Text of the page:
I’m not sure I agree with all of Bawer’s conclusions, but its high-time we had this discussion, and I think its great that you are doing your part along those lines, Father!

  3. Russell Fuhrman permalink
    June 30, 2010

    And yet our beloved Episcopal Church pathetically withers away with many parishes under dire economic stress as our congregations age and die while the remaining younger and middle aged try to ignore the never ending political controversies generating spiritual exhaustion over divisive issues wondering how much longer they can tolerate the perpetual infighting while witnessing the robustness and vibrancy of the fundamentalist/evangelical Christian churches springing up wherever they turn.

  4. Tom permalink
    July 1, 2010

    I fully agree that Islam is the greatest threat to Christendom. The Church is facing a real danger that grows from the Middle East. It is surely and really correct to say that Father, it is not racist or out of sync to comment on it. We need to face this danger and do everything to stop it, they (the Muslims), see it as their goal to be the dominant religion in the world. To be perfectly honest we have done it to ourselves. Contraceptives, abortion, and animals have replaced the family unit. Muslims have a sacred mission to populate the world and spread the Muslim faith to every corner. The Holy See should have seen this coming back in the early eighties but at the time there were plenty of Catholics in the Church. Many Christians have renounced the faith and embraced Islam. To leave Jesus and the Church He founded to belong to some religion that is contradictory to everything He preached and lived astound me. I feel truly sorry for those that left and for those who think that Christianity and Islam can go hand in hand. They are fools. Yes, the Church has erred over the years and has committed some terrible sins, but people err not the Church. The Church is pure and without sin, we are not. Christianity is a religion of love, understanding, mercy, and forgiveness. Point out where that is in the Islamic faith, tell me where Jesus and His message of love and mercy from the Father is present. It is not! I hope that people truly understand and contemplate what is facing our way of life, that is to say the faith of the Apostles handed down to us by Christ. Father, Son and Holy Spirit guide and bless our Church, enrich our faith, and lead us towards You and towards salvation. Amen.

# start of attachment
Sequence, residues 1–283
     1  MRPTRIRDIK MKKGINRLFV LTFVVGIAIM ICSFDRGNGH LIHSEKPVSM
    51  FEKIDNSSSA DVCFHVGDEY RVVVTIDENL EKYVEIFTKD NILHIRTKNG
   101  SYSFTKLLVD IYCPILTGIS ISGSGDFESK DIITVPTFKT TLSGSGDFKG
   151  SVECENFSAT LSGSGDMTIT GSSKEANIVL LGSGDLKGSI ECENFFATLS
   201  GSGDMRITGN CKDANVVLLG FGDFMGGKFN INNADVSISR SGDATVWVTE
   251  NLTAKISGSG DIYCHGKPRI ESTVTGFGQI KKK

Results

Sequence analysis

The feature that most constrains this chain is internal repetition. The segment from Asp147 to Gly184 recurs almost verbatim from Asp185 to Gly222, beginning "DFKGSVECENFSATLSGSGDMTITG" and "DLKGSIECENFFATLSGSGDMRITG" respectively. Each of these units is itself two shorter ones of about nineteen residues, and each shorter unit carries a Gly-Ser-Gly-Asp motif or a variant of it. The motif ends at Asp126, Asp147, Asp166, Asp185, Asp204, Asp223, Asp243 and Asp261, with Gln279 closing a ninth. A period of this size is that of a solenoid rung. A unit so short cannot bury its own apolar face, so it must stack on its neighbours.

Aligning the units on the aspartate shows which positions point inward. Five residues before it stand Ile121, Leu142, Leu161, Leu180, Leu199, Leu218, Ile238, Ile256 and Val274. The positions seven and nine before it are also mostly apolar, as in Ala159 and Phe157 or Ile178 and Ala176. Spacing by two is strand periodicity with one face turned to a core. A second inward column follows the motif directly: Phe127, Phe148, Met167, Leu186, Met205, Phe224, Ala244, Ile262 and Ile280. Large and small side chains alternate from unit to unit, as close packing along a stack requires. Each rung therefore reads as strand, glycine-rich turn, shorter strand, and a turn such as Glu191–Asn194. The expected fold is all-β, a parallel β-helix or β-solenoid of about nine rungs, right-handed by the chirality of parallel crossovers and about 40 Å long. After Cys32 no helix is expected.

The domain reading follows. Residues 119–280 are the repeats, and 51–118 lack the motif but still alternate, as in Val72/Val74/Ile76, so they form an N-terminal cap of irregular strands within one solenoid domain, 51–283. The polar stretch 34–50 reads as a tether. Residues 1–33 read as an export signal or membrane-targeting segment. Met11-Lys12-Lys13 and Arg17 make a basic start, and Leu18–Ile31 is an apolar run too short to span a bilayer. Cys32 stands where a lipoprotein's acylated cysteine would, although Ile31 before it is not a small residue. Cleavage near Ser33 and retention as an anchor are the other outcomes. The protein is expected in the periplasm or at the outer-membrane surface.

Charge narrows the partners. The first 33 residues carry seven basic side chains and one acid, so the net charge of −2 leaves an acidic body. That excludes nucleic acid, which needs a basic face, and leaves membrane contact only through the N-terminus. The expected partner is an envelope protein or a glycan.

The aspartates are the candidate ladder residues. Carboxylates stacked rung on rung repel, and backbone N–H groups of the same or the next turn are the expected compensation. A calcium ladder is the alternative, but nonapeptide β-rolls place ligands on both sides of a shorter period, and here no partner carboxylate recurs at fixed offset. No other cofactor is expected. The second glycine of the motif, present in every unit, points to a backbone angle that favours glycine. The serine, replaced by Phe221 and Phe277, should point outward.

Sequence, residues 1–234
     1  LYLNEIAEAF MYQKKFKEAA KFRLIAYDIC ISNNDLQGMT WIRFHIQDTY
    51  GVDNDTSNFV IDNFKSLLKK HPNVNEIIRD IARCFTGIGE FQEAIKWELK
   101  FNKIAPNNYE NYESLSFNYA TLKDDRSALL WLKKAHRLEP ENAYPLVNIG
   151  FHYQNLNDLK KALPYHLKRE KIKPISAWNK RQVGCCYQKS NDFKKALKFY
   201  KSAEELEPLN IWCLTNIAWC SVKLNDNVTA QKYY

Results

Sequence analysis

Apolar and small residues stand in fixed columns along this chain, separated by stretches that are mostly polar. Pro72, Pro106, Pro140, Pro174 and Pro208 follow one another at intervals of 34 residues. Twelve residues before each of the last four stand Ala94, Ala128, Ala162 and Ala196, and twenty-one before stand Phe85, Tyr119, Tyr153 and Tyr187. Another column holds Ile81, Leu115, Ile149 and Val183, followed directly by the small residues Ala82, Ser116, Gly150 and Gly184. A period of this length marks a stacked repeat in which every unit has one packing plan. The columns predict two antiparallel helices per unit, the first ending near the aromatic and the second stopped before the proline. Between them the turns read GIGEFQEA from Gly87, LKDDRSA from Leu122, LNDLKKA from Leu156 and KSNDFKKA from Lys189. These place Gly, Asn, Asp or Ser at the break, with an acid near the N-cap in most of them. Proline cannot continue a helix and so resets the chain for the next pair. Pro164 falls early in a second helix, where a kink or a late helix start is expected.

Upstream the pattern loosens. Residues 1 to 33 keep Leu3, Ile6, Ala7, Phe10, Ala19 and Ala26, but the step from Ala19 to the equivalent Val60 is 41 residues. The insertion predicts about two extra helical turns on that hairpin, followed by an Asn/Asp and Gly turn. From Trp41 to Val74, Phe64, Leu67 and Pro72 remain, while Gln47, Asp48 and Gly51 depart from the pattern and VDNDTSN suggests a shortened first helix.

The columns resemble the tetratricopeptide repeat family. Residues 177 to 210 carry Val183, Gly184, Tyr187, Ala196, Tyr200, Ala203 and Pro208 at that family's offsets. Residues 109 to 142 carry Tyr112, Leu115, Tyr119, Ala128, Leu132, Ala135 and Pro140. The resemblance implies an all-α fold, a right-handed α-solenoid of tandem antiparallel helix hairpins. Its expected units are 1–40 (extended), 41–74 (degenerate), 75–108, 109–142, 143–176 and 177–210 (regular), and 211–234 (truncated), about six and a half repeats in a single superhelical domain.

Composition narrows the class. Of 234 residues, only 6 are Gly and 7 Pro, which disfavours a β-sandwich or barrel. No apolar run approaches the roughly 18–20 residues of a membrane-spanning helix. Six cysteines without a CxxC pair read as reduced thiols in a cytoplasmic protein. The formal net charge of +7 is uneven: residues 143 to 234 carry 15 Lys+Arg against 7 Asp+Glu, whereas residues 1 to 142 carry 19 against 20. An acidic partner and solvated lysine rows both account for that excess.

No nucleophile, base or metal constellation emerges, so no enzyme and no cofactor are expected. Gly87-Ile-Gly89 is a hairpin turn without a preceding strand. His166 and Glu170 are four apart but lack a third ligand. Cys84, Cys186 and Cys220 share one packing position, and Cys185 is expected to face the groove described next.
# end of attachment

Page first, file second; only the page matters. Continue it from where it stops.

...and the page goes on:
5. Patrick Cook permalink
    July 1, 2010

    I agree, with some caveats, with Jeff. It should also be noted that the Ecumenical Patriarch continues to be harassed by the government of the Turkish Republic, a government that, whilst admittedly currently run by a moderately Islamist party, is still very much laicist. The rise of political Islam seems to me to have been aided by various ironies of history: Kemalism’s attacks on Sufism, the rather astonishing rise of Theocracy in Iran (a country that had previously been noted for its religious, if not its political, liberalism), and the rise of the Wahhabist house of Saud to dominance in the Arab world.

  6. July 5, 2010

    I read the post title and was expecting news of some liturgical refinement, only to be disappointed.

  7. July 7, 2010

    I thought the same thing, Subdeacon Michael…